From there, with the help of my trustee sidekick, who was mostly very helpful for helping me get things done (and at one point was very helpful for taking a three hour nap on the couch so I could get things done) the List Of Things I’ve Already Done grew rapidly over the course of the week. I’m picturing a long scroll of paper being read by a guy from the Middle Ages, but you’ll have to settle for a middle aged guy on a MacBook Air to tell you about them. After I dug up the junipers, we went over to see Dave, but he didn’t have any white dogwood trees. Dave being Dave, he was willing to order them for me, but despite his eye rolling, we decided instead to take a ride down to Dee’s Nursery in Oceanside, which is a phenomenal place, and phenomenally expensive. But as Dave points out about Nurseries, “they don’t sell you ice in the winter.” And sure enough there were two little four-foot high white dogwoods, in bloom, waiting right there for me. Tommy Dee was happy to see me. Why on earth wouldn’t he be? I’m a guy who has 18 trees growing on a 60 x 105 plot of land and he’s seen plenty of that action. I’m a guy who’ll pay $129 each for two little trees, which I’m sure Tommy makes a nice profit on, but God bless him. He’s a good guy, and he knew I’d be coming for the white dogwoods.

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New white dogwood in the front yard, with the trunk of the old one looking on sadly. In the background you can see my neighbors house where there’s a beware of dog sign that was posted by the previous owner. The current dog is a miniature greyhound. That sign is the staring point of a very long blog post that won’t be on The List Of Things I’ve Already Done until August or so.

After we found the camera that The Dude put down in the shed he wasn’t supposed to go into, Duffy’s Creek’s two new white dogwood trees slid right into the back of Lou The Blue Subaru Outback, along with a bag of Plant Tone for the blueberries, who had a terrible year last year. On the way home, we stopped at Modell’s and got The Dude a pair of sneakers. His first pair of Adidas as a matter of fact, which I’ve been wearing exclusively for 25 years because I thought Mose Allison looked cool in them. We had Nathan’s hot dogs and french fries for lunch at the new “Little Nathan’s” that replaced the legendary Nathan’s on Long Beach Road. (They did a nice job adapting. I’m impressed). We went home and planted two new trees, which perhaps he will cut down with his own son someday.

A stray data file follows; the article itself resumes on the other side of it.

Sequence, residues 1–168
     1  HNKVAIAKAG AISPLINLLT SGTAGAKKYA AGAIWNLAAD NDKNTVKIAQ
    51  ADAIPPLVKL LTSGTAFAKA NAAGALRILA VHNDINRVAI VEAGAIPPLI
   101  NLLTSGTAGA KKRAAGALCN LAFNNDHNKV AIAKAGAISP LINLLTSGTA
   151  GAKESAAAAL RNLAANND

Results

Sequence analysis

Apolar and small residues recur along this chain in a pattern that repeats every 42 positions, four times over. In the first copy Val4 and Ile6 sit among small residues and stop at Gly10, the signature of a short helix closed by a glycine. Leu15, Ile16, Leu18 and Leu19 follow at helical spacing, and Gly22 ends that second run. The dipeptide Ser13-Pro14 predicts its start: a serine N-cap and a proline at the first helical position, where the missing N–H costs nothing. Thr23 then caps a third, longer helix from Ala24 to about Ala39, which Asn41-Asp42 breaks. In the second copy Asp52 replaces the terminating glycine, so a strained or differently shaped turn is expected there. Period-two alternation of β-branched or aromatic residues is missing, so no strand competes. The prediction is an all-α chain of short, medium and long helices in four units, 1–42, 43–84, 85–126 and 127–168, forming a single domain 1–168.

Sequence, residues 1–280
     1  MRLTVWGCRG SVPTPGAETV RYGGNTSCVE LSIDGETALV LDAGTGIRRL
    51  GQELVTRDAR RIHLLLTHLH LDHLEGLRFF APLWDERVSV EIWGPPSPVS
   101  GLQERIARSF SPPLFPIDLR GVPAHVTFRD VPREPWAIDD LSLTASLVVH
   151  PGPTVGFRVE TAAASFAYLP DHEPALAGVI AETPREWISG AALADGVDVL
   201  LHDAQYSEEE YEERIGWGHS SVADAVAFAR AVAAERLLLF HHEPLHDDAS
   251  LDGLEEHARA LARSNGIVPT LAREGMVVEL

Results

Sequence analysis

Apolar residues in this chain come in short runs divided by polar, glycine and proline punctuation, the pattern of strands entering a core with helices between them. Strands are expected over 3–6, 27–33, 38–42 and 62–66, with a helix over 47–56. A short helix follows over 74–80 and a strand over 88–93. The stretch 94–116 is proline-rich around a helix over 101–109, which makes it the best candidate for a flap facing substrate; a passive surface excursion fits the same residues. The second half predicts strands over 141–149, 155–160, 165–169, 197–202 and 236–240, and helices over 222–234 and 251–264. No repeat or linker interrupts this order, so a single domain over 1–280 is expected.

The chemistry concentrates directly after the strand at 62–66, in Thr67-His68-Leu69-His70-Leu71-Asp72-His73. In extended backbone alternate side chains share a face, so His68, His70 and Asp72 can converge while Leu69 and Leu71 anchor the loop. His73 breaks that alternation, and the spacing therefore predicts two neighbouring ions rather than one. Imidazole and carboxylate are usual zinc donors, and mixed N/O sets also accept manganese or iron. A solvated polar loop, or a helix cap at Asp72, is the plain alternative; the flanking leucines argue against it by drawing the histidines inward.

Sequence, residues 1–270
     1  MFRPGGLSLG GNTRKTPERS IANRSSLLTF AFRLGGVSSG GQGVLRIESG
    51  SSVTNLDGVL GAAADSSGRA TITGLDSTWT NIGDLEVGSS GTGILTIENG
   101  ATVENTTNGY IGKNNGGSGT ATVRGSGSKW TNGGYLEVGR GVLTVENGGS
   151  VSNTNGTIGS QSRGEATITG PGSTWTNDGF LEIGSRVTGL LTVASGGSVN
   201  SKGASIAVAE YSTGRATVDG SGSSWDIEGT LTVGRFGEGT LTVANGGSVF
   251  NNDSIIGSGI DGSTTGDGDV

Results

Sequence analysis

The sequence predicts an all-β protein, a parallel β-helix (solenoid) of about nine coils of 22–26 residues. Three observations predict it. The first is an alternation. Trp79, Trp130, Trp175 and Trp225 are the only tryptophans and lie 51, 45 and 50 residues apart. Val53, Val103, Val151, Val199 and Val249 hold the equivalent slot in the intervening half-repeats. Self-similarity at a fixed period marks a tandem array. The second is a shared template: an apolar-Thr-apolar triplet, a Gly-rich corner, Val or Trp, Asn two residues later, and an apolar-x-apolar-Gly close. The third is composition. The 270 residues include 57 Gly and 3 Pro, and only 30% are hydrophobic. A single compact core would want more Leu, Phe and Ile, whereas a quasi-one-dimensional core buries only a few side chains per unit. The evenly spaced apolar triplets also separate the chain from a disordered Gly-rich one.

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If you say you wouldn’t touch something with a ten-foot pole, you can envision this pole, which is ten feet off the ground and supports the Duffy’s Creek Acu Rite Weather Station. The Dude had the brilliant idea of marrying two six-foot long 4×4’s together. They’re sunk two feet into the ground with quickrete and gravel. I don’t know if it’s hurricane proof and I sure don’t want to find out.

Over the course of the rest of the week, we went back to Dee’s and bought $300 of organic garden soil (Bumper Crop, ask for it by name). I got the last of those bags of Bumper Crop down in the Rose Garden at 5:30 Saturday afternooon and I don’t want to see another bag of dirt until next April. We also went to Five Star Lumber and Hardware and bought two six foot poles, which The Dude married together using eight metal brackets, 32 screws and his trustee Black and Decker cordless drill. We mounted the Acu Rite Weather Station to the top of the pole and sunk it into two feet of gravel and Quickrete. Why? Because it was mounted on the railing of the garage roof and the wind gauge was being blocked by the house next door, which I couldn’t move. So moving it to a pole in the backyard went on The List Of Things To Do for four months, until Wednesday, when it officially joined The List Of Things I’ve Already Done. Of course, the wind hasn’t blown more than ten miles an hour since I moved it, so I’m not sure if it works any better yet.

While we were at Five Star, we also bought the supplies to paint the railing on the garage roof, which has been on The List Of Things To Do for at least seven years, but moved up a few notches once we had the roof and siding replaced and realized how crappy the railing looked unpainted. Weather permitting, that should be on The List Of Things I’ve Already Done by the end of May. We also have to replace the cellar door, which also now stands out like a bad actor now that the siding is new. There’s a company on Long Island called Man Products, which cracks me up, and which sells metal cellar doors. I insisted on a wood cellar door last time because I thought the rain on the metal cellar door right outside my bedroom window would interrupt my sleep. When the wooden door fell apart after five years, I decided to be less fussy, but I realized upon inspection that I would have to first fix the big crack in the foundation under the cellar door before I actually contact Man Products about replacing the door itself. It will stay on The List Of Things To Do for awhile longer, and just as well, ’cause I’m a little intimidated by Man Products.

Rounding out the list of Things I’ve Already Done that I did this week: The Dude wanted his own vegetable garden, so while he took a three hour nap on the couch Thursday afternoon after staying up all night the night before, I made him one. With broccoli, romaine lettuce, carrots and sugar snap peas ready to climb the trellis. Here it is:

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The Dude’s new vegetable garden and the new backyard white dogwood. (Note sign. I love that child) The antique fence from the Reising Farmhouse is going in the mess behind the dogwood.